Many areas of intellectual property law involve subjective judgments regarding confusion or similarity. For example, in trademark or trade dress lawsuits a key factor considered by the court is the degree of visual similarity between the trademark or product designs under consideration. Such similarity judgments are nontrivial, and may be complicated by cognitive factors such as categorization, memory, and reasoning that vary substantially across individuals. Currently, three forms of evidence are widely accepted: visual comparison by litigants, expert witness testimonies, and consumer surveys. All three rely on subjective reports of human responders, whether litigants, expert witnesses, or consumer panels. Consequently, all three forms of evidence potentially share the criticism that they are subject to overt (e.g. conflict of interest) or covert (e.g. inaccuracy of self-report) biases.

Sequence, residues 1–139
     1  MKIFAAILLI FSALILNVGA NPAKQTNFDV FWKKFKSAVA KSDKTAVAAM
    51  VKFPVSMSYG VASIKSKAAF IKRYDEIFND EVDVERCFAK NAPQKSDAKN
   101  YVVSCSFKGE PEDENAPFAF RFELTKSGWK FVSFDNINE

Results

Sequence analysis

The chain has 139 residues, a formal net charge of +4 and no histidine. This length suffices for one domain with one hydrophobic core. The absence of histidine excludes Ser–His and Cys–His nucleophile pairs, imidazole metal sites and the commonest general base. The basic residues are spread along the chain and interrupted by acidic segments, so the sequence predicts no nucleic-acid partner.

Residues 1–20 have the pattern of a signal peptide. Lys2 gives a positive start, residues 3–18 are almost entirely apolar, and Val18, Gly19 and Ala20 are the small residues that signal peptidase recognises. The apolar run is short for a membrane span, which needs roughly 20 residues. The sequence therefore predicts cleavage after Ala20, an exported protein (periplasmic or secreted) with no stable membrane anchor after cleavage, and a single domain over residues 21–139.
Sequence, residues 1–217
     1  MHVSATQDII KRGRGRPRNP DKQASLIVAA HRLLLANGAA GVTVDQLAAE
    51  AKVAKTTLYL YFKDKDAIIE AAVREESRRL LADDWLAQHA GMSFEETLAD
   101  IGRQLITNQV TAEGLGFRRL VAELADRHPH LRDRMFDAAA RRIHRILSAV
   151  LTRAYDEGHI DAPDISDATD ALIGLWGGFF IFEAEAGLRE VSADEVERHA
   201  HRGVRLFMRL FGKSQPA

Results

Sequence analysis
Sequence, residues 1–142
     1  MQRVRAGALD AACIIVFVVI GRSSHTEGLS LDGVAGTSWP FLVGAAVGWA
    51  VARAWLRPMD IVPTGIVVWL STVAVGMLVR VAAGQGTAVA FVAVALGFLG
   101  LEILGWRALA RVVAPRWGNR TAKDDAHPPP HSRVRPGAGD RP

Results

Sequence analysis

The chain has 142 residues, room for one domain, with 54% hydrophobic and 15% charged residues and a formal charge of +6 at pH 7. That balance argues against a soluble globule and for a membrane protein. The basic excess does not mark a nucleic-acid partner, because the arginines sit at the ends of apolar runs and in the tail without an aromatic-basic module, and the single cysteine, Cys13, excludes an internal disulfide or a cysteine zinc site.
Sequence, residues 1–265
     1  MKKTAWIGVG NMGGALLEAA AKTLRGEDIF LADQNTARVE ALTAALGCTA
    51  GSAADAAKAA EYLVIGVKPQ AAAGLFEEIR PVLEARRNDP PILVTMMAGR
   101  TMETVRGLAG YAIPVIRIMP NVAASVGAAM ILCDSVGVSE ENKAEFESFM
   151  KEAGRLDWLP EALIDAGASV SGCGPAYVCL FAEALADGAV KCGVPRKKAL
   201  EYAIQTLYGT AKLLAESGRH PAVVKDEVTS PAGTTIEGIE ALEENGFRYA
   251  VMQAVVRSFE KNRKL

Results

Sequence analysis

To address this situation, researchers at UC Berkeley developed a technology that directly measures the mental state of consumers when they attend to visual images of consumer products, without the need for self-report measures such as questionnaires or interviews. In so doing, this approach reduces the potential for biased reporting.
A potential use of this Berkeley technology is in litigation involving subjective impressions about the similarity of trademarks, where it might replace or validate existing evidence such as consumer surveys or expert opinion.